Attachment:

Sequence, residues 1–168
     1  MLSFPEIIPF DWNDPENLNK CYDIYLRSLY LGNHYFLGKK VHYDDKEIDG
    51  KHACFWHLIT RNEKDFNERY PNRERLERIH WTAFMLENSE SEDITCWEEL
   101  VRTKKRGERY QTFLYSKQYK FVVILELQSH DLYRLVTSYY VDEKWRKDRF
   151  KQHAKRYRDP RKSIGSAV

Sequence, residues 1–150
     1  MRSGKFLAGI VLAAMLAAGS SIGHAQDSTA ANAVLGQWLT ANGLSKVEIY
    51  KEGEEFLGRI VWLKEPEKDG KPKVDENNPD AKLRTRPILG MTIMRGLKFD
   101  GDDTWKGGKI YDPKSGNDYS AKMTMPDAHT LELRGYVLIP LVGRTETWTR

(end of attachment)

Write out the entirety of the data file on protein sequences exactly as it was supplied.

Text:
Sequence, residues 1–168
     1  MLSFPEIIPF DWNDPENLNK CYDIYLRSLY LGNHYFLGKK VHYDDKEIDG
    51  KHACFWHLIT RNEKDFNERY PNRERLERIH WTAFMLENSE SEDITCWEEL
   101  VRTKKRGERY QTFLYSKQYK FVVILELQSH DLYRLVTSYY VDEKWRKDRF
   151  KQHAKRYRDP RKSIGSAV

Sequence, residues 1–150
     1  MRSGKFLAGI VLAAMLAAGS SIGHAQDSTA ANAVLGQWLT ANGLSKVEIY
    51  KEGEEFLGRI VWLKEPEKDG KPKVDENNPD AKLRTRPILG MTIMRGLKFD
   101  GDDTWKGGKI YDPKSGNDYS AKMTMPDAHT LELRGYVLIP LVGRTETWTR